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The Horrors - V album review

Southend post-punk revivalists shoot for the big league

Cover art for The Horrors - V album

Edging further away from their shoegazinggoth-rock roots with each new release, The Horrors resolutely target the alt.pop mainstream on their fifth album.

Produced by Paul Epworth, the multiple Grammy-winner who has worked with Adele, Muse, U2, Coldplay and dozens more, V combines expansive arena-rock sonics with a heavy dose of lush electronics. Indeed, the stern synths and metal-bashing percussion of Hologram sound like vintage Tubeway Army, while the robo-riffing thunder of Machine falls between Suede and the Sisters Of Mercy.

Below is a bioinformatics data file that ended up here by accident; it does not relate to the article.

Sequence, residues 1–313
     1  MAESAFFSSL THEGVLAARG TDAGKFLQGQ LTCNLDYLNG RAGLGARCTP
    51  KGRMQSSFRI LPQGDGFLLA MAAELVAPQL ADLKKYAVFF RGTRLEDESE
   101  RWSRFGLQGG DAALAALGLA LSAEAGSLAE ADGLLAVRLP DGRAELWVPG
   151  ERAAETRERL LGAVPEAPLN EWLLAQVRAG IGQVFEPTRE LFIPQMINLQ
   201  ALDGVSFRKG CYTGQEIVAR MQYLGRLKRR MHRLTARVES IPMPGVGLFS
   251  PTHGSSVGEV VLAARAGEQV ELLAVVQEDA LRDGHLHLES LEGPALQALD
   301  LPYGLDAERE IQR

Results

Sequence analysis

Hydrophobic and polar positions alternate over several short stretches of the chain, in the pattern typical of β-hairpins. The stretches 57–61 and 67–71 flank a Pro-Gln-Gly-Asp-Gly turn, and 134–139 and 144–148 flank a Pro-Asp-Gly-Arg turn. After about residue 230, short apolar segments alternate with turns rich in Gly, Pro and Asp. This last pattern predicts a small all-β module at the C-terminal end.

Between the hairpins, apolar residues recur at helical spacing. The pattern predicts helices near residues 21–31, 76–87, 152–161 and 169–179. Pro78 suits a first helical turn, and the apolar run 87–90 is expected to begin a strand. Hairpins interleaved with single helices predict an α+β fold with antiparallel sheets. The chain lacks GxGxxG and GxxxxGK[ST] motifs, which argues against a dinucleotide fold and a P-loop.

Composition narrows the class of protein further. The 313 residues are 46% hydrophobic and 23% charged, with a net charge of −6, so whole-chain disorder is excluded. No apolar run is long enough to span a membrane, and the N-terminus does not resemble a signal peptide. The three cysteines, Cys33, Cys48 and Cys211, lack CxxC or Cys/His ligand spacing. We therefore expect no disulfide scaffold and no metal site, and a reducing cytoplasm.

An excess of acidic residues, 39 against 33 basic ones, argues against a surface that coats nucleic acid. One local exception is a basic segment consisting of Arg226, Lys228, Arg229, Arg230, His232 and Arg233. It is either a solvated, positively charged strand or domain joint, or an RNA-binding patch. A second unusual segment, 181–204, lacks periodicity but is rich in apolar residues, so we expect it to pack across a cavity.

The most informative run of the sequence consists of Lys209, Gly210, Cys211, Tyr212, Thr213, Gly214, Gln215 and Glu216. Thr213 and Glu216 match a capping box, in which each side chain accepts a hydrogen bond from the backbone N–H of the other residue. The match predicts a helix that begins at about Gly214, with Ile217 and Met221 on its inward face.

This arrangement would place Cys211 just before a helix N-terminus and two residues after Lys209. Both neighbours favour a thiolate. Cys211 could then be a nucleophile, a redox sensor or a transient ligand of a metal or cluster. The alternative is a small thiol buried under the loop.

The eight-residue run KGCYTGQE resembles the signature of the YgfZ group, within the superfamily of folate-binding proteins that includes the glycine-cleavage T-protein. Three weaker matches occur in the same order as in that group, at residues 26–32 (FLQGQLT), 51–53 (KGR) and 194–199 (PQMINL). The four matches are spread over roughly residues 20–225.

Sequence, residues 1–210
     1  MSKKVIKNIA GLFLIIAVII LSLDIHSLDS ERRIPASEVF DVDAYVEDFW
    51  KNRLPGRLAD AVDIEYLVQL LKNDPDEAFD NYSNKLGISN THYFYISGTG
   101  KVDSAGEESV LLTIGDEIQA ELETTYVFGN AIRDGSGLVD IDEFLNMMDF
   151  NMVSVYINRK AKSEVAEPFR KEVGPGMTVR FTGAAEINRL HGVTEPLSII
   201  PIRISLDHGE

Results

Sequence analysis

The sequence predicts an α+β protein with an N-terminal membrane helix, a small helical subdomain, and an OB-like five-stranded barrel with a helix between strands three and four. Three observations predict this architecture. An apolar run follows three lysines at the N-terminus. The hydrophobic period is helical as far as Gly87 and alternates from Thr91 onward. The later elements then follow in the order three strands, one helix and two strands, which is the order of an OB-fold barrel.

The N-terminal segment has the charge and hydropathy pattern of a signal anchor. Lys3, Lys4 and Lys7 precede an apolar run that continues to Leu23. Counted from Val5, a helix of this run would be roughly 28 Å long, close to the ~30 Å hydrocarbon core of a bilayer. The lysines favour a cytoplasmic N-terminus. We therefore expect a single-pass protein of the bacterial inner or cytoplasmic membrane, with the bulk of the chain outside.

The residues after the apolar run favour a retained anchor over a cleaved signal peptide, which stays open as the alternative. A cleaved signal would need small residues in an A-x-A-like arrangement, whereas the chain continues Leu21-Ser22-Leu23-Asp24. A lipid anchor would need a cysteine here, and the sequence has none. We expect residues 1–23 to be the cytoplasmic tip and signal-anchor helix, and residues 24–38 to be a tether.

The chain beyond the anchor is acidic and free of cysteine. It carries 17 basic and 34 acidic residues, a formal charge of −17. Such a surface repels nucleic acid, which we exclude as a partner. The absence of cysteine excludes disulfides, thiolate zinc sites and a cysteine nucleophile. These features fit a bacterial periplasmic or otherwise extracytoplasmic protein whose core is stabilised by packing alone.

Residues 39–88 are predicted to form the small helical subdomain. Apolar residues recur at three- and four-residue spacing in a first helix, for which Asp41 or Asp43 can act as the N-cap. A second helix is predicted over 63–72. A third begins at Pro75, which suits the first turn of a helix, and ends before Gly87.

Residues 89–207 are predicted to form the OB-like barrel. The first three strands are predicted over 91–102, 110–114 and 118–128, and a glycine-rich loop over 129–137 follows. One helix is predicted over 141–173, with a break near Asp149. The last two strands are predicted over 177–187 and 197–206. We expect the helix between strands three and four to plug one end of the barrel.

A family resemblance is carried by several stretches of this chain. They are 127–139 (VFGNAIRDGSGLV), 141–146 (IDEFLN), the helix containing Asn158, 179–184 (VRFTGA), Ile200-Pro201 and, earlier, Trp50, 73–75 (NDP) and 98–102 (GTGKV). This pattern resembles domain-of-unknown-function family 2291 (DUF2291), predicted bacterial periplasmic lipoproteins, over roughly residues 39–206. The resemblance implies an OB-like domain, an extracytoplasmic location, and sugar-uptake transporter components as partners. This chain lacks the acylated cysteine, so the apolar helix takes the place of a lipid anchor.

Faris Badwan’s polished croon lends a classy air to proceedings, though some of these studio-sculpted anthems clearly owe more to production wizardry and guitar-pedal pyrotechnics than solid songwriting.

Weighed Down is an overlong exercise in the kind of post-punk pastiche The Horrors were doing a decade ago, while the anodyne goth-lite plodder It’s A Good Life could be Tears For Fears wearing too much guyliner. Big ambitions are admirable, but not the calculated blandness sometimes required to achieve them.